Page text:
8. Ignoring basic safety measures
This one is really important and heavily underrated when comparing FDM vs resin. Although, this subject could lead to extensive discussion, we will try to keep it short and improve your awareness.
Resin manufacturers use various classes of raw materials for 3D printing resins. Without going into details the key point here is that you never know, what components are exactly used. Safety datasheets very rarely state all of them. Nonetheless, due to their nature some components are not required to be listed on safety datasheets. Thus, you must pay special attention when handling 3D printing resins.
Being too careless can lead to various health issues. It is paramount here to understand that those effects might not show up immediately. For example, allergies can develop overtime. This delay is usually dangerous as people do not consider 3D printing materials as a main cause, because they had been using them for a while “without any kind of problems”.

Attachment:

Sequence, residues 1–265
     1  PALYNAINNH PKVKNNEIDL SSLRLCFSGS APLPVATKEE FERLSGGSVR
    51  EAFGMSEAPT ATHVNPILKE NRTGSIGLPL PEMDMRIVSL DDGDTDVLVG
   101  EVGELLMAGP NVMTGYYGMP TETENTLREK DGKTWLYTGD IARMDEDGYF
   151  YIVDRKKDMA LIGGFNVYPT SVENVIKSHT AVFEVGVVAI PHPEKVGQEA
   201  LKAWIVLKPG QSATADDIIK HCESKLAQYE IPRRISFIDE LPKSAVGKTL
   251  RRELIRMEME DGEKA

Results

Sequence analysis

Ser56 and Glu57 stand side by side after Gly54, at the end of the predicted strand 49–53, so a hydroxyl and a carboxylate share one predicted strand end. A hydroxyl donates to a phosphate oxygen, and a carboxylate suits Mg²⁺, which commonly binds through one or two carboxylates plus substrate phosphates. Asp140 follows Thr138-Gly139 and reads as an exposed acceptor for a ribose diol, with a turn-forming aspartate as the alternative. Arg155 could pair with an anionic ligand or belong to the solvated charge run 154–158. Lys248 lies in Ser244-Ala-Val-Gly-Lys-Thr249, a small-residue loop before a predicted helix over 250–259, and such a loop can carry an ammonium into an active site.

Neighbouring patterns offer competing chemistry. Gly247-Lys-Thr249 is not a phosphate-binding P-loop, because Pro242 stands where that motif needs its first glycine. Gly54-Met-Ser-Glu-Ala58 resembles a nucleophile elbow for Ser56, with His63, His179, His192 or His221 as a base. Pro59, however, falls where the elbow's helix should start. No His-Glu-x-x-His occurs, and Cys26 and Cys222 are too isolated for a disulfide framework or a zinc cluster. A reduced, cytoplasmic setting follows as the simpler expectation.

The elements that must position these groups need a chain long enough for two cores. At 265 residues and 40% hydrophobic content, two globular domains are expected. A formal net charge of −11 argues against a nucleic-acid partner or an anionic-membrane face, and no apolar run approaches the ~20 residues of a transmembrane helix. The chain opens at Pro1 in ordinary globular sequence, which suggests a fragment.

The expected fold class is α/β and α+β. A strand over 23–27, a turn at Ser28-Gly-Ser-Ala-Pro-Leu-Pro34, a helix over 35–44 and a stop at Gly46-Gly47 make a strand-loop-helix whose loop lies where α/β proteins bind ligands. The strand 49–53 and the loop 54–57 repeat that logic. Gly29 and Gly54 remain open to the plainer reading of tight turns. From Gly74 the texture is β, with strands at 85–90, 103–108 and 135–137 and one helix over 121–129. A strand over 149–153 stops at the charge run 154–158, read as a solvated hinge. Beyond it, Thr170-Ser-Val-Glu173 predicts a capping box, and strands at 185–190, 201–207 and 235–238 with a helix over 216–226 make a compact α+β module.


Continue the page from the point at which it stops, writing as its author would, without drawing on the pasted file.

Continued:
Thus, basic safety measures are mandatory. Get yourself a box of gloves and improve ventilation. Remember to keep materials tightly sealed and away from pets or children.
9. Believing everything internet says
Everyone has their own experiences and preferences. People like to share their ideas and a lot of them are great. However, we have seen a ton of discussions and “recommendations” online regarding FDM vs resin 3D printing that are completely wrong. By wrong we mean that science has already proven them to be incorrect. Some of those are also very subjective and not universal.
We would like to recommend double checking all suggestions and tips you get online. By blindly repeating what others do you can easily obtain bad habits or even damage your 3D printer. Carefully check legitimacy of your information source before applying any kind of new practices. Finally, remember that the best helper is your own learning and experience.
Hopefully, these humble observations would help you to switch from FDM to SLA easier. We would love to see you learn something new and improving your SLA 3D printing. If you have some ideas or suggestions, just drop a comment below.